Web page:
London: Five athletes who became the first Briton to either be ranked first in their sport or win a blue riband title after Andy Murray became men’s tennis world number one on Saturday:
Mention his name and it drums up memories of hit movie ‘Chariots of Fire’. The 25-year-old Abrahams benefited when fellow Briton Eric Liddell refused to compete in the 100 metres at the 1924 Olympics as it was run on a Sunday and that clashed with his religious beliefs. Abrahams’ decision to employ a professional coach Sam Mussabini paid off handsomely as he took gold. He went on to cut a piece off the gold medal to use as his wedding ring in 1936.
Born in England but won Olympic gold for Canada in 1988 as his family moved there when he was 12. However, he switched back and became a British citizen once again, sceptics believing he was using it as a flag of convenience. Whatever he initially won, lost and then regained the WBC title in a bizarre bout with holder Oliver McCall, who started crying in the middle of the contest. Lewis then set his sights on the unified title and after controversially drawing with Evander Holyfield got a deserved rematch and beat him conclusively to become Britain’s first undisputed heavyweight world champion of the post-war era and indeed remains the last undisputed champion to this day.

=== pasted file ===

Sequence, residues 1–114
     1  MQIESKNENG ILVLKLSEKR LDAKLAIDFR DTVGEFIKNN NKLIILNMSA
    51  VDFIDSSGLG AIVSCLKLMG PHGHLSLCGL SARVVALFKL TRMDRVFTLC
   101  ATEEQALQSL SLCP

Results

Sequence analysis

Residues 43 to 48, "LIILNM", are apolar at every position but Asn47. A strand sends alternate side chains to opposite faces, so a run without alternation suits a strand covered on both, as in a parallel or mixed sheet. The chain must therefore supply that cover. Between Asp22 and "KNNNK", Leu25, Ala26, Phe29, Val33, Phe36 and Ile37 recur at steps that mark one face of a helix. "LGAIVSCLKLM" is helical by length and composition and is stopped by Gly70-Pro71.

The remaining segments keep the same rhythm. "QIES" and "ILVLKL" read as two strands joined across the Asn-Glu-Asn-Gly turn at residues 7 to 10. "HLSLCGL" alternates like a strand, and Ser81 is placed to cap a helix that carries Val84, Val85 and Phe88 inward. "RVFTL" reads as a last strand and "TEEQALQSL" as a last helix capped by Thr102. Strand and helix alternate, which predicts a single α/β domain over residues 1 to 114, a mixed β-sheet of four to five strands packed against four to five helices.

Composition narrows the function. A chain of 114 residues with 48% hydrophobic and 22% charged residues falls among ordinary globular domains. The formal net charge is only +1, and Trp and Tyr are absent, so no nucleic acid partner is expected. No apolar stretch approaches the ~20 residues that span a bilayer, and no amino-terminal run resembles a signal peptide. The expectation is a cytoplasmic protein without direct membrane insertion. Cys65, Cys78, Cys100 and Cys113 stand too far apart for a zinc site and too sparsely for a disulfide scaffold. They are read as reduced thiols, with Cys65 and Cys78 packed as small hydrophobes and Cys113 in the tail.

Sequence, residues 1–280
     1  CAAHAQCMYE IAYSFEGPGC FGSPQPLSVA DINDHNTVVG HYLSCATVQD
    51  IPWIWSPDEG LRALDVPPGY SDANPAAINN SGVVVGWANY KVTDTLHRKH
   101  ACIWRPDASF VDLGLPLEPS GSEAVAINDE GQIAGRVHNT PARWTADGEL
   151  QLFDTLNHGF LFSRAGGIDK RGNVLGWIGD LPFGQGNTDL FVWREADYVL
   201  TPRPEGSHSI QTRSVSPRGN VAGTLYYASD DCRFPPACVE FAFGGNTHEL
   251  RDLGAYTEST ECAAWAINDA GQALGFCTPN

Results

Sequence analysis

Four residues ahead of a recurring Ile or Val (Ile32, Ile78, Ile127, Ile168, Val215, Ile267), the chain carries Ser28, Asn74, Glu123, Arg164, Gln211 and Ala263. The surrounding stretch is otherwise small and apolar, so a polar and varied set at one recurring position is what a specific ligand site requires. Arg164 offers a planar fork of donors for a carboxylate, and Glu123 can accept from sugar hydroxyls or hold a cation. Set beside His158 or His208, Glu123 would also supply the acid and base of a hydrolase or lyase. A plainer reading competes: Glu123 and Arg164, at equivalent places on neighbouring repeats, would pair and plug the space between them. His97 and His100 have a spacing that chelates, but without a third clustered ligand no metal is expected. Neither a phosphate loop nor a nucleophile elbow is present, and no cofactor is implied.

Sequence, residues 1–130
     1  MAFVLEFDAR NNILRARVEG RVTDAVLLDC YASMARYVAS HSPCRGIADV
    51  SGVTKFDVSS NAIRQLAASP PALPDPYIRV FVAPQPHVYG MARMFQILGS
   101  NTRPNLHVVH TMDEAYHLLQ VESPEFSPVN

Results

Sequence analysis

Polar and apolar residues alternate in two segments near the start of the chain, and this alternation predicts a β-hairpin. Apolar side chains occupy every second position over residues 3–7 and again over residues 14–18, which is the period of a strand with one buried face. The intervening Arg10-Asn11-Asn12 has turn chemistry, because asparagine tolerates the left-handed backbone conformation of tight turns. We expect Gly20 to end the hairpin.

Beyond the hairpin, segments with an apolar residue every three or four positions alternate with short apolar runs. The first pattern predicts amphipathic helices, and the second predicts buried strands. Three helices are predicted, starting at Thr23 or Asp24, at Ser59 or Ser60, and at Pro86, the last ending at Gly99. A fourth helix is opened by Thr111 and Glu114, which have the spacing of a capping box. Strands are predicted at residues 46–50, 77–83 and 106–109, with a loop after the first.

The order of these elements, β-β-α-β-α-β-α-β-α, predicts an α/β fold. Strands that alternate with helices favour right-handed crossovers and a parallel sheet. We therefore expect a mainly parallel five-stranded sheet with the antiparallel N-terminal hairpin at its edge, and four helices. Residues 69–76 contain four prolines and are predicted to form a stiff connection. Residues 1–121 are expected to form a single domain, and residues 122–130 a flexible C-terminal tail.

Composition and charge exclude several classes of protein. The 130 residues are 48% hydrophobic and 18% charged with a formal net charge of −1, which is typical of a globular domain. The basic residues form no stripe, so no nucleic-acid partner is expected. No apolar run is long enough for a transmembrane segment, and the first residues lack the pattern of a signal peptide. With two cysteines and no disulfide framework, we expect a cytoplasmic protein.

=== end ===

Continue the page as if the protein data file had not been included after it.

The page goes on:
Known to the French as ‘Papillon’ (‘butterfly’ for his penchant for wearing bow ties when he raced) he showed great resilience in carrying on competing after the tragic 1955 Le Mans 24 hour race in which 84 spectators and a driver were killed, partly sparked because of Hawthorn braking on entering the pits. He went on to win that race and three years later was crowned Formula One world champion despite winning just one race as he finished second in the season ending Moroccan race which was enough to seal victory ahead of Stirling Moss, who won four GPs that campaign. Announced his retirement immediately afterwards and was killed in a road accident in January 1959, aged just 29.
Never the most loved of British sportsmen even at home because of what was perceived as rather a humourless personality. He deservedly finally got the world number one slot in the rankings in 1990, taking it off Australian Greg Norman, whom he would memorably steam past to take the Masters in 1996 when the ‘Great White Shark’ suffered a spectacular meltdown. He would be number one on four occasions for a total of 97 weeks, the longest of his stays on top was for 81 weeks.
Britain hasn’t had a women’s number one since the WTA came into being in 1973. However, prior to that the country could lay claim to having the top player in the world in the partially-deaf Mortimer, who steadfastly refused to wear dresses and insisted on shorts. Having won the French Open in 1955 and the 1958 Australian title she reached her peak in 1961 and beat compatriot and favourite Cristine Janes in the Wimbledon final in three tight sets. She won four other titles that year and reached the US Open semi-finals which was enough for her to be credited as the number one women’s player in the world.